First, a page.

by Meghan Fitzgerald
As a family, we slow down and take time to celebrate Dr. Martin Luther King, Jr. We’ve read books about his life, his teachings and his work. We’ve hiked mountains (hills, really) and taken part in celebrations full of music, readings and tributes to his legacy in our community. And, since MLK Day is also a National Day of Service, we have also participated in serving meals, clean ups and other service projects.
I’m still learning, though, about how to do justice to this man’s legacy and raise children who have an accurate and activist stance on social justice. I’m still learning about how my own identity and the stereotypes I’ve grown up with impact how I present MLK’s legacy to my kids.
For example, this year, I read about the danger of presenting “a single story,” so we’ve been reading about the lives of people who inspired Dr. King, to help our kids see that he did not work alone—the change making he moved forward has deep roots, and there is still so much to be done.
“Change does not roll in on the wheels of inevitability, but comes through continuous struggle.” – Martin Luther King Jr.
This year, Martin Luther King Jr.’s day is playing out against a backdrop of uncertainty, threats of disorder and violence, and the very kind of hatred that Dr. King worked to combat. It feels all the more important to help our kids grow up to be the best change makers they can be.
So, in honor of Dr. Martin Luther King Jr., we want to celebrate young change makers—young people who have already made incredible impact in their communities and beyond, tackling issues of justice and raising the quality of life for others. We hope that you find it helpful to read and share these stories with your children. And we hope these stories of real life activists help reinforce with kids that there is much to be done in our world while they also help kids focus on action and plant a seed of hopeful desire to make their own impact on the world someday, too.
A few of our change makers have collaborated with us at Tinkergarten, while others have captured our hearts with the work they have done. And, there are many more young change makers we didn’t get the chance to profile who are using their energy, time and spirit to tackle issues of injustice in their communities. We celebrate them all as we share the stories of this handful of powerful change makers.
Aaliyah Hall is the dynamic and delightful founder of Dreamland with Aaliyah. Since March 30th, 2020, this amazing 10-year-old has provided inspiring live and recorded read-alouds to make sure that kids everywhere have access to literature during the pandemic. She has curated 200 stories of hope that represent the diversity of our communities. Join her on Facebook Sundays at 7 p.m. ET for live readings and visit Aaliyah's YouTube channel to enjoy her beautiful read alouds. Or, watch how she read “The Rabbit Listened,” one of our favorite empathy-boosting books, as part of our Camp Tinkergarten series.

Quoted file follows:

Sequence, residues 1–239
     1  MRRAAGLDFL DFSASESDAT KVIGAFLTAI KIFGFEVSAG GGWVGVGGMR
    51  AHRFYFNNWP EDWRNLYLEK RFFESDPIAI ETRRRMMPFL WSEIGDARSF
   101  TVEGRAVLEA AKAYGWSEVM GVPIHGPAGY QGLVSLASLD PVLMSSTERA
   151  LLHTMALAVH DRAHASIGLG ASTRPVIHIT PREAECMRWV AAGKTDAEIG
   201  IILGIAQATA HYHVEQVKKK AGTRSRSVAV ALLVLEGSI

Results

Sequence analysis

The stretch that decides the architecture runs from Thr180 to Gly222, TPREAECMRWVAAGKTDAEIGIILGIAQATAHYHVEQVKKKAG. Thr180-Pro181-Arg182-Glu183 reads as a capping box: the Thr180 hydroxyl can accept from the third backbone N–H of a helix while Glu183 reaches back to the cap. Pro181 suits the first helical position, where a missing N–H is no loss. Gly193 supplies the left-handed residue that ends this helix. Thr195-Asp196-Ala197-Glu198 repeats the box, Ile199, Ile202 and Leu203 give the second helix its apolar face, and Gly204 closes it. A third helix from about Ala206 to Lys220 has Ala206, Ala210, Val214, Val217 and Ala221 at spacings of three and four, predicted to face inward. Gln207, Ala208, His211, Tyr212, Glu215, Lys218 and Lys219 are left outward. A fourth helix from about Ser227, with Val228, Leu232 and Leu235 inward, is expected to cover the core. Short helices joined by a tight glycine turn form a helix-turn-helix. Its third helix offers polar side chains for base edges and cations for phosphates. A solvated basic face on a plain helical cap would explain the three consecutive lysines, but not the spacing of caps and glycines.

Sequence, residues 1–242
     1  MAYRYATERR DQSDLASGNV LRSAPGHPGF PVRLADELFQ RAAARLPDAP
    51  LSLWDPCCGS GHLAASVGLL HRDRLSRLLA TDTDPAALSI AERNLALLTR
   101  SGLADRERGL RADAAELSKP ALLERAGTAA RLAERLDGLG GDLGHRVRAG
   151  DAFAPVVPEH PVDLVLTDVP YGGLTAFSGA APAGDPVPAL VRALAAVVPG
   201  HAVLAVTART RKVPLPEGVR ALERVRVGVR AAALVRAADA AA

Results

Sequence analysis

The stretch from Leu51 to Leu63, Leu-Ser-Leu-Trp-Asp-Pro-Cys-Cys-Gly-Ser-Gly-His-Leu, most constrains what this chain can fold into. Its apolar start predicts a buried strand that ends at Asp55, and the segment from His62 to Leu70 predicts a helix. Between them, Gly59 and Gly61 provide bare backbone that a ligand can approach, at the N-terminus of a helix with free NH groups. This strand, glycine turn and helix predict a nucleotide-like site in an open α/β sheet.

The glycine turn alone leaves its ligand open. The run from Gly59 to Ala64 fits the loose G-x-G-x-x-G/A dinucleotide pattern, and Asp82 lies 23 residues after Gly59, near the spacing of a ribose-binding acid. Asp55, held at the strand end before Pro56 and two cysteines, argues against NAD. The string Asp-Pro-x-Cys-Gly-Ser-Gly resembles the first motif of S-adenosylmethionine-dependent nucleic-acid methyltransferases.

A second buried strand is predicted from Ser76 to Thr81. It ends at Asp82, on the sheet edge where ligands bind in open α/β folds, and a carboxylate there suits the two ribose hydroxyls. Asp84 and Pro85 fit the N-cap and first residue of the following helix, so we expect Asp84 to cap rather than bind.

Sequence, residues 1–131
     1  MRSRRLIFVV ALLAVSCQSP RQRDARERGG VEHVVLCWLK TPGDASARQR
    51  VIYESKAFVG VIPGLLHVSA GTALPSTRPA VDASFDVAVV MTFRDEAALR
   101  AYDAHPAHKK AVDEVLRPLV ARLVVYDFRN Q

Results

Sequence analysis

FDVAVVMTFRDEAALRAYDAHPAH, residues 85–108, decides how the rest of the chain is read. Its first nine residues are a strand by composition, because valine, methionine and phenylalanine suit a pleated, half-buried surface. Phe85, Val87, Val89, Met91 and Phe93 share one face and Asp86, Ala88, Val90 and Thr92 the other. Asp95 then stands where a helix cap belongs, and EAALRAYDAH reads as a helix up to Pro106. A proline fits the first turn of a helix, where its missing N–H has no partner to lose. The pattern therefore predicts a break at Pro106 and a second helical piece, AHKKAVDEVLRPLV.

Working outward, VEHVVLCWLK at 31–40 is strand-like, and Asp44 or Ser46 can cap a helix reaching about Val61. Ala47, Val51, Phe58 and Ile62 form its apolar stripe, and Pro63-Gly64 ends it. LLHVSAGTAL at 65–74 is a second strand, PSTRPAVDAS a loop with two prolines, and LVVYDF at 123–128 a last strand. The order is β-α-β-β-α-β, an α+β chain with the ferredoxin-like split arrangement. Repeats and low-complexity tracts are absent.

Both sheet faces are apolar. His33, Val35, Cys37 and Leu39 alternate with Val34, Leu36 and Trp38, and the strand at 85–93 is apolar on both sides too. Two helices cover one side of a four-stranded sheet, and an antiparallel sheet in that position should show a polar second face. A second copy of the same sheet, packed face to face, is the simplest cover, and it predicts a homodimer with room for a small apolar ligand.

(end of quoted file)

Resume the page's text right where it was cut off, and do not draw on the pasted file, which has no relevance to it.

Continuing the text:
Haile Thomas started cooking when she was only 8 years old. She was solving a really important problem—helping her dad get healthy when he was sick. Haile didn't stop there, though. She wrote a cookbook and started to speak and write about how our diets could impact our health. She has helped people all over the world learn to use good, yummy food to lead healthier, happier lives. Visit Haile’s site to test out some of her delicious recipes or learn more about her books and programs. Watch an inspiring video message Haile recorded just for Tinkergarten explorers!
Time Magazine’s first ever “Kid of the Year” in 2020, Gitanjali Rao is curious, confident and passionate about science. Gitanjali has used technology in innovative ways to tackle really challenging problems ranging from increasing access to clean drinking water to putting a stop to cyberbullying. She is on a mission to build an international community of young problem-solvers who can work together to innovate and change the world. We love that Gitanjali also wants to make sure that every kid knows that they can be a scientist and a change maker.
Nicole Jackson is a naturalist, environmental educator celebrated by PBS and Children And Nature Network. Jackson, along with fellow scientists and birders, helped to promote Black Birders Week—a week of online birding events that celebrate Black scientists and birders and challenge stereotypes about who belongs in the fields of nature and science. In her work as a teacher and an activist, she seeks to “empower those in under-served communities to find their voice to make their environment better, and to grow environmental stewards for the world.” Read more about Nicole on PBS Nature and learn more about Black Birders Week here.
Time Magazine Kid of the Year finalist Ian McKenna noticed that nearly a quarter of the kids in his school did not have enough food to eat. A gardener at home, he worked with his school to set aside space for a garden, and gathered donations to set it up and start to grow food for the families in his school community. This was the start of a project called McKenna’s Giving Garden. Seven years later, the program has expanded to five schools, and the gardens have provided enough organic vegetables and fruits for 25,000 meals to families and food pantries in his Austin, TX community. Read more about Ian from Time Magazine or visit @garden_for_hunger on Instagram to see images of the program at work.
These young people’s wonderful contributions to the planet are big and small but all should remind us that every changemaking effort counts. What can you do to make your corner of the world a better place? On Dr. Martin Luther King Jr. Day and beyond, let’s help water that seed of activism within our kids.
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